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Sensory Processing Disorders: Tips for the “Out of Sync” Child

TrampolineMany children with sensory processing issues can become frustrated and overwhelmed in environments that are over stimulating.  Over stimulating environments may include the grocery store, classroom environment, or crowded areas.  For many children, additional proprioceptive input is helpful in calming the child and helping the child to feel more grounded within their body.

Proprioception refers to a person’s ability to know where their body and its extremities are in space.  This also includes having a correct sense about the way or direction a body part is moving.  Many children with sensory processing issues have difficulty with proprioception and benefit from additional proprioceptive input for regulated behavior.  Proprioceptive input can be provided to a child through a variety of activities which can be easily incorporated into the child’s day.  These activities are often termed “heavy work”.  The following is a list of activity ideas which would provide proprioceptive input to a child.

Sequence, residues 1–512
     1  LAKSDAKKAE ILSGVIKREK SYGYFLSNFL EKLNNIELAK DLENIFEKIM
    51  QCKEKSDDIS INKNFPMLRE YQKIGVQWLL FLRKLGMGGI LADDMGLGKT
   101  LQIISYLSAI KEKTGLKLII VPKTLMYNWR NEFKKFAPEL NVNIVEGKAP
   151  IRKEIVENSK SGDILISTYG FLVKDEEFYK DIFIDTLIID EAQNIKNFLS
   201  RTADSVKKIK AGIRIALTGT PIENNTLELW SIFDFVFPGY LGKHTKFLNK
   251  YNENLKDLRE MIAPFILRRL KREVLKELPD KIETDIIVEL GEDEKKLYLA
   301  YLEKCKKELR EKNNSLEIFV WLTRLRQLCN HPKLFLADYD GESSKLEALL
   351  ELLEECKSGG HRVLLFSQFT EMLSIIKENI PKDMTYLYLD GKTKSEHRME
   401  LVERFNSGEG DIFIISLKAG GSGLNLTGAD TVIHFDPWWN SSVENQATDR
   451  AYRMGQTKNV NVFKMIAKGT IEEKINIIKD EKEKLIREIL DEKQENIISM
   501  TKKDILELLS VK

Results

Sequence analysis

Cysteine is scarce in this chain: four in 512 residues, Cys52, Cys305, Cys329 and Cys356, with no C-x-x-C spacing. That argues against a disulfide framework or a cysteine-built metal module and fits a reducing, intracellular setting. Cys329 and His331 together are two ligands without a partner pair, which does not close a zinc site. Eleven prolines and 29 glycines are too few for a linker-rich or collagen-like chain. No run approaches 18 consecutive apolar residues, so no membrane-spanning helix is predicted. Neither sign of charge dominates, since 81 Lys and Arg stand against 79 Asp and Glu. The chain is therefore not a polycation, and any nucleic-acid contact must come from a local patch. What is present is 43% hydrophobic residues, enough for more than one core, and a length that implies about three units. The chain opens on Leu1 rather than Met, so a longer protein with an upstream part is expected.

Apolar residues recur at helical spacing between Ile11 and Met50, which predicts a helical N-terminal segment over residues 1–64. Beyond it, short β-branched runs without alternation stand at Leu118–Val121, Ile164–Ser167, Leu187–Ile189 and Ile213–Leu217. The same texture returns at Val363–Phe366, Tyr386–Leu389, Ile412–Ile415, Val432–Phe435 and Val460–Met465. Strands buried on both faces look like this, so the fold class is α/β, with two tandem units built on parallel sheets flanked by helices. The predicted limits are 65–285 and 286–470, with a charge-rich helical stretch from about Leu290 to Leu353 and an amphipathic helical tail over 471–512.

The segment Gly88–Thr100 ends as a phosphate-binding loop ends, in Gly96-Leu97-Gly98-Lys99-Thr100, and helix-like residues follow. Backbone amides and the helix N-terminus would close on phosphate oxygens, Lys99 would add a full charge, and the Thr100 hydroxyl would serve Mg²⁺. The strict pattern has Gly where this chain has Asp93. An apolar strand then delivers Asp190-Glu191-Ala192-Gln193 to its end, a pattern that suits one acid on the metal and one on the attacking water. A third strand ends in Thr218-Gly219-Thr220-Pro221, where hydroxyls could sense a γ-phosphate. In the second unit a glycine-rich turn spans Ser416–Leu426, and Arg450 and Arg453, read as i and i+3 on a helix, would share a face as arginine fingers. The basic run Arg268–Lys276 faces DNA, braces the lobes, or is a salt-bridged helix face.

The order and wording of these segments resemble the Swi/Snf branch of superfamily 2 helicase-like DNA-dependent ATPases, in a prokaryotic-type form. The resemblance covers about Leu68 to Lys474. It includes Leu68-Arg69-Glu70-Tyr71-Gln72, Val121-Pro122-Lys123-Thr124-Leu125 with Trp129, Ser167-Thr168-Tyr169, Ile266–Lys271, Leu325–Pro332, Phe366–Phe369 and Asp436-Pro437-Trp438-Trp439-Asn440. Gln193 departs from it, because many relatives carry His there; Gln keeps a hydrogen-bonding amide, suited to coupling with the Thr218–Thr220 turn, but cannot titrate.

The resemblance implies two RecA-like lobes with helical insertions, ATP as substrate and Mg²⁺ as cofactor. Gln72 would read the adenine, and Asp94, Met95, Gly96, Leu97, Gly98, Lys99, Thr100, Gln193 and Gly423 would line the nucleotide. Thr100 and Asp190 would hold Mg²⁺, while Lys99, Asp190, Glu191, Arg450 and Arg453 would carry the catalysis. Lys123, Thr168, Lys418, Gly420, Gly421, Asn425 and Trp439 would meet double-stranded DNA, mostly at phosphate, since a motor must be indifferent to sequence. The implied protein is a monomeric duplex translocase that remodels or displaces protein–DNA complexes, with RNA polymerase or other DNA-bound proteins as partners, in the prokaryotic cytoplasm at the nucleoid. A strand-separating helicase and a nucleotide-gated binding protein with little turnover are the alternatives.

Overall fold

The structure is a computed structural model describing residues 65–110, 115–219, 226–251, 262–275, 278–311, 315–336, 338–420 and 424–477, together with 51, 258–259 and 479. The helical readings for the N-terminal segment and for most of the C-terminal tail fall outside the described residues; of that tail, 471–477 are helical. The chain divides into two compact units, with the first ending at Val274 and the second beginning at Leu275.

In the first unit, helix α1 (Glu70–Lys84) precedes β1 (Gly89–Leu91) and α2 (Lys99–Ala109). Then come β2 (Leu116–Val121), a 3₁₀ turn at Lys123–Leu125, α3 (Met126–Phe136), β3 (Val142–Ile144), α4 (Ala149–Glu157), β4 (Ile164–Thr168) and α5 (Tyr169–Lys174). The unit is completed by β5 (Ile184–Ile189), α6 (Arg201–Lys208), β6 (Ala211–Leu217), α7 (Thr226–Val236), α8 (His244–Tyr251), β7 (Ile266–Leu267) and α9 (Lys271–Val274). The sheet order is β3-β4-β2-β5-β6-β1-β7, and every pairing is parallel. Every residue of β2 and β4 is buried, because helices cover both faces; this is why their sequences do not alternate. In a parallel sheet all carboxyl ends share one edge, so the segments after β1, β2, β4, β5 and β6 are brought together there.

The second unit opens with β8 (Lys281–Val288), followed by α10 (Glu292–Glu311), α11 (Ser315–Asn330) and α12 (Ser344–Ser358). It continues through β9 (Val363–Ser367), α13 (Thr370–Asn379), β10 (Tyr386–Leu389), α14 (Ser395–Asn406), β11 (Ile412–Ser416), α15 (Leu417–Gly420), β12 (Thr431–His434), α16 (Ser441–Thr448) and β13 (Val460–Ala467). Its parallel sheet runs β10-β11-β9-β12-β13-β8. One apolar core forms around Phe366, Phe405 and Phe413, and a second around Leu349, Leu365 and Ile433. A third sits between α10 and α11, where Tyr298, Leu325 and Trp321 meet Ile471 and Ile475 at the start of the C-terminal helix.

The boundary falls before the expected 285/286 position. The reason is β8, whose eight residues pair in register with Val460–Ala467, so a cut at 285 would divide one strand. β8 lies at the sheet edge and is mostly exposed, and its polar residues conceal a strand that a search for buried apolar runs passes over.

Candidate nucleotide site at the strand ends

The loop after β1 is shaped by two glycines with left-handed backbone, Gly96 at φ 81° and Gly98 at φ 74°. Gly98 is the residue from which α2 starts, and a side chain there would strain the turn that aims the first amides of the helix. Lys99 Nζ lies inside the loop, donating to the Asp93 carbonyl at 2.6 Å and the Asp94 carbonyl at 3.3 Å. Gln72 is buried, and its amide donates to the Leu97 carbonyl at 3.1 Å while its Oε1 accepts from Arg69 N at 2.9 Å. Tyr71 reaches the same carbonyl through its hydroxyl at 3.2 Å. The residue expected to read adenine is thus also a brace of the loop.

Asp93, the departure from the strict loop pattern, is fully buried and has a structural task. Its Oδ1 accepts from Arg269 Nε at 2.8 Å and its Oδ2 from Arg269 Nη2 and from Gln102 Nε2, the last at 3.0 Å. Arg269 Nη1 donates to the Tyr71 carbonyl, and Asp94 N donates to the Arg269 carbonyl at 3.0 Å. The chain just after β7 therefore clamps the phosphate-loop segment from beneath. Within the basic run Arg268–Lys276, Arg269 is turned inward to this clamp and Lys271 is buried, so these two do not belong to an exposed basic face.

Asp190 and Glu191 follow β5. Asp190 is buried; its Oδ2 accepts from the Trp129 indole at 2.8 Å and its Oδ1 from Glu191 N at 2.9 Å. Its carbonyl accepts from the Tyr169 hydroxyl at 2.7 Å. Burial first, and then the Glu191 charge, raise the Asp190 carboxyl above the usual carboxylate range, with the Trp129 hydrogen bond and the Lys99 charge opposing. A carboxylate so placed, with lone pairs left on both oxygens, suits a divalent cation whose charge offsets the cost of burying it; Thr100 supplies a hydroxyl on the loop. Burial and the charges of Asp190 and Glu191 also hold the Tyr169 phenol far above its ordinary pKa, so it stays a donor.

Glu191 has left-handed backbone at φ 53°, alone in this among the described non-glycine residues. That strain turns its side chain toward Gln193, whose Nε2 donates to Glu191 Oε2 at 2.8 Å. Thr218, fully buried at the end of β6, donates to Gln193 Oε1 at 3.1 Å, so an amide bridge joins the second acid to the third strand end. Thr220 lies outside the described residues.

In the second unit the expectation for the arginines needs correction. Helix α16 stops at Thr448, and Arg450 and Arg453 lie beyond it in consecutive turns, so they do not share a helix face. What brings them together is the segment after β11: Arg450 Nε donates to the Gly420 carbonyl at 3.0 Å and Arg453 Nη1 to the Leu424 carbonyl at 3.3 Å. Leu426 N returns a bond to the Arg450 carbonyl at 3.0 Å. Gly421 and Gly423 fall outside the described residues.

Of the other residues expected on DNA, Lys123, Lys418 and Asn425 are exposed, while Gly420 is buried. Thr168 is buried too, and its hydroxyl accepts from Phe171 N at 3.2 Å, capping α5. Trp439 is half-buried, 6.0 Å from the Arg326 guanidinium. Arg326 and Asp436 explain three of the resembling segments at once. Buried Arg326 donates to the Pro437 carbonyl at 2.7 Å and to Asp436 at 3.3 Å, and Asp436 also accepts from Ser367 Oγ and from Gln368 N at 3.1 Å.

Proprioceptive Activities:

Carrying a stack of books to another room

Carrying or pulling a full laundry basket

Pulling the garbage can up/down the driveway

“Squishing” between two beanbags or couch pillows

Sit criss cross and back to back with another person and pass weighted ball (5lbs) in both directions

Jump on a trampoline

Wall push-ups

Roll an exercise ball over the child “steam roller game”

Push wheelbarrow

Animal walks (bear, crab, frog jump)

Tug of war

Utilize the child size grocery cart in grocery store and fill up with heavy items such as milk

Vacuum and mop

These are just some examples of everyday activities that can be incorporated into a child’s day to provide proprioceptive input or “heavy work” needed for regulation and body awareness.  Try including some of these activities in your child’s day.  Many parents and teachers find that a few heavy work activities allow for a much happier and engaged child.

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One thought on “Sensory Processing Disorders: Tips for the “Out of Sync” Child

  1. Heather Howard

    I just found out my child has Sensory Processing Disorder. I would like to talk to someone about this. Just another person opinion that has dealt with this. Please email me anytime. I would love to express my opinions.
    Thank You,
    Heather

    Reply

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